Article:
What we´re reading…
This month’s key articles were selected by Ryan Chadha, David Victor, and Young In Yoon.
Survival After Liver Transplantation: An International Comparison Between the United States and the United Kingdom in the Years 2008-2016
Background: Compared with the United States, risk-adjusted mortality in the United Kingdom has historically been worse in the first 90 d following liver transplantation (LT) and better thereafter. In the last decade, there has been considerable change in the practice of LT internationally, but no contemporary large-scale international comparison of post-transplant outcomes has been conducted. This study aimed to determine disease-specific short- and long-term mortality of LT recipients in the United States and the United Kingdom. Read more.
American Journal of Transplantation
HOPE in Action: A Prospective Multicenter Pilot Study of Liver Transplantation from Donors with HIV to Recipients with HIV
Liver transplantation (LT) from donors-with-HIV to recipients-with-HIV (HIV D+/R+) is permitted under the HOPE Act. There are only 3 international single case reports of HIV D+/R+ LT, each with limited follow-up. We performed a prospective multicenter pilot study comparing HIV D+/R+ to donors-without-HIV to recipients-with-HIV (HIV D-/R+) LT. We quantified patient survival, graft survival, rejection, serious adverse events (SAEs), HIV breakthrough, infections, and malignancies, using Cox and negative binomial regression with inverse probability of treatment weighting. Read more.
Pediatric Blood and Cancer
Waitlist mortality and post-liver transplant outcomes of pediatric patients with hepatocellular carcinoma and hepatoblastoma in the United States
Background: Liver transplantation (LT) is offered in cases of advanced disease for both pediatric patients with hepatoblastoma (HBL) and those with hepatocellular carcinoma (HCC). Current United States organ allocation priorities differ between the two groups.Methods: We retrospectively examined the waitlist and posttransplant outcomes of pediatric LT candidates with HBL and HCC using the United Network for Organ Sharing registry (February 2002 to September 2020). Read more.
The Need to Update Endpoints and Outcome Analysis in the Rapidly Changing Field of Liver Transplantation
Liver transplantation (LT) survival rates have continued to improve over the last decades, mostly due to the reduction of mortality early after transplantation. The advancement is facilitating a liberalization of access to LT, with more patients with higher risk profiles being added to the waiting list. Read more.
Annals of Surgery
Post-Transplant Hepatocellular Carcinoma Surveillance: A Cost-Effectiveness AndCost-Utility Analysis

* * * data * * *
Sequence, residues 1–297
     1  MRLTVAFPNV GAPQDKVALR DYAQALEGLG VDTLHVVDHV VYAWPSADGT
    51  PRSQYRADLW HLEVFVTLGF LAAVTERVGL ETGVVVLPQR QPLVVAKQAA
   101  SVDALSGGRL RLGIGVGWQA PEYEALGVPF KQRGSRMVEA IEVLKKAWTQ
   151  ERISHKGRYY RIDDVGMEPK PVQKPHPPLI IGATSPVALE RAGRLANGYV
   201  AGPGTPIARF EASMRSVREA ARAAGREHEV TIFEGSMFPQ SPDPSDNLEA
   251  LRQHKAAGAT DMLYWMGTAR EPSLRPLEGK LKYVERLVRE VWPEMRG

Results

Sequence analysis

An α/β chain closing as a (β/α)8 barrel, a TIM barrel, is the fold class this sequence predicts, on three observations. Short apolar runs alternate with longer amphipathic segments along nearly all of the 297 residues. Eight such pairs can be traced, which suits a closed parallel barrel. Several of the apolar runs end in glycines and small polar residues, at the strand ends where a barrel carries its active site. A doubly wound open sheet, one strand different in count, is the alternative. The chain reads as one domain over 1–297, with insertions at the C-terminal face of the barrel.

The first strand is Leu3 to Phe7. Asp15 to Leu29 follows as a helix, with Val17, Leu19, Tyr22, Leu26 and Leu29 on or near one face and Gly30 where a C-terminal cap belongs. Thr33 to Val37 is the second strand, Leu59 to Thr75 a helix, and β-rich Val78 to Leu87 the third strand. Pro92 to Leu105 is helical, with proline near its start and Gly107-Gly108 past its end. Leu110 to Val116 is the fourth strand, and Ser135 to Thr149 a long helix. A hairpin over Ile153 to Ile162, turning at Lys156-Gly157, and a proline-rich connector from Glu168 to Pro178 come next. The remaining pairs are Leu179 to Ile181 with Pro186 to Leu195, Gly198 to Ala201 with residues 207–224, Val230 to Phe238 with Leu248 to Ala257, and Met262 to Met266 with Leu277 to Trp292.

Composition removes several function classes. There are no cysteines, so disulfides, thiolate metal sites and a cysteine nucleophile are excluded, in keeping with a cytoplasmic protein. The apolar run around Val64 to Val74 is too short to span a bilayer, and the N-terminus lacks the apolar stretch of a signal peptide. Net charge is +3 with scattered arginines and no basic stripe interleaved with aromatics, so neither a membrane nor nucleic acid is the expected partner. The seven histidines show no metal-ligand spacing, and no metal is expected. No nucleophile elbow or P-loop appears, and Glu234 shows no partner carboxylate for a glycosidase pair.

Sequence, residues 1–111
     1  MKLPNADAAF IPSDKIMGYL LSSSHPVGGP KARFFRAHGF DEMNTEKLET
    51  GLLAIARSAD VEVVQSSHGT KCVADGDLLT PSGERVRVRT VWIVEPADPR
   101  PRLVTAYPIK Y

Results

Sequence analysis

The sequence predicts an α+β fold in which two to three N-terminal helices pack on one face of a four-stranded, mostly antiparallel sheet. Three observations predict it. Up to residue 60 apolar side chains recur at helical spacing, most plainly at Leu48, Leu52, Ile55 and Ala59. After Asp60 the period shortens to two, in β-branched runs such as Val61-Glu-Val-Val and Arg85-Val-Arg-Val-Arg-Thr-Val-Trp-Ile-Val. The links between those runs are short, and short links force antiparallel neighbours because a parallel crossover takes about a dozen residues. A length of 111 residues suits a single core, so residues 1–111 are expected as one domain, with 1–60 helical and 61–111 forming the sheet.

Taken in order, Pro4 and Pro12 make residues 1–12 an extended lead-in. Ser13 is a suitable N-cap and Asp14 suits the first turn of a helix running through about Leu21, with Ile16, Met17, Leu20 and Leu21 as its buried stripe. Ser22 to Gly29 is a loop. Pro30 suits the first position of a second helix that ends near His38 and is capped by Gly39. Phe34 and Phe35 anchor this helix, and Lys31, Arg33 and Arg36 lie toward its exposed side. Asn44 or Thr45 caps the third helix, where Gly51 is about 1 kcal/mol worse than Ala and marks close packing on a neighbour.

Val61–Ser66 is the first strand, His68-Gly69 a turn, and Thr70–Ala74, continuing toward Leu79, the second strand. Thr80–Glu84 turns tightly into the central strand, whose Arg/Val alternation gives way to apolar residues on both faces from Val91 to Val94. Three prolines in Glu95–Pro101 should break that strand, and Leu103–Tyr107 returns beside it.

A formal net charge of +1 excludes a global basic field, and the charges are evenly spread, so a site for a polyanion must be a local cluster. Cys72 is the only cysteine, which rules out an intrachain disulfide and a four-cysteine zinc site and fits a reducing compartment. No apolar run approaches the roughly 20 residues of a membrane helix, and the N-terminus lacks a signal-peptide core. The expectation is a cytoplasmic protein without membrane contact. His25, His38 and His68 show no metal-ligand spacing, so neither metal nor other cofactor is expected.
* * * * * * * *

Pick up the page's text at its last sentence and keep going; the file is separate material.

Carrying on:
Objective: Assess cost-effectiveness and -utility associated with post-transplant HCC surveillance compared to standard follow-up.Summary Background Data: Despite the lack of prospective clinical data, expert consensus recommends post-transplant surveillance to detect hepatocellular carcinoma (HCC) recurrence in a latent phase, while it might be amenable to curative-intent therapy. Read more.
Non-invasive Risk Stratification for NAFLD Among Living Liver Donor Candidates: A Proposed Algorithm
To reduce waitlist mortality, living donor liver transplantation (LDLT) has increased over the past decade in US, however, not at a rate sufficient to completely mitigate organ shortage. As a result, there are ongoing efforts to expand the living liver donor pool. Read more.
ANESTHESIOLOGY AND CRITICAL CARE
A decline in functional status while awaiting liver transplantation is predictive of increased post-transplantation mortality
Background: Functional status (FS) is dynamic and changes over time. We examined how changes in FS while awaiting liver transplantation influence post-transplant outcomes. Read more.
Journal of Surgical Research
Perioperative Skeletal Muscle Fluctuations in High-Acuity Liver Transplantation
Background: Frailty has been implicated as a negative predictor of Liver Transplant (LT) outcomes. However, an understanding of changes in patient muscle mass peri-LT, and their effect in high-acuity patients remains lacking. We examined the impact of perioperative muscle mass changes (ΔSMI) on high-acuity (MELD ≥35) LT recipients. Read more.
World Journal of Surgery
Safety and Efficacy of Tranexamic Acid to Minimise Perioperative Bleeding in Hepatic Surgery: A Systematic Review and Meta-Analysis
Introduction: Perioperative bleeding poses a major risk during liver surgery, which can result in increased transfusion requirements, morbidity, and mortality. Tranexamic acid (TXA) effectively reduces perioperative bleeding and transfusion requirements in trauma patients. However, there remains a lack of evidence of its use in liver surgery. This meta-analysis of randomised controlled trials evaluated the efficacy and safety of TXA in liver resection and transplantation. Read more.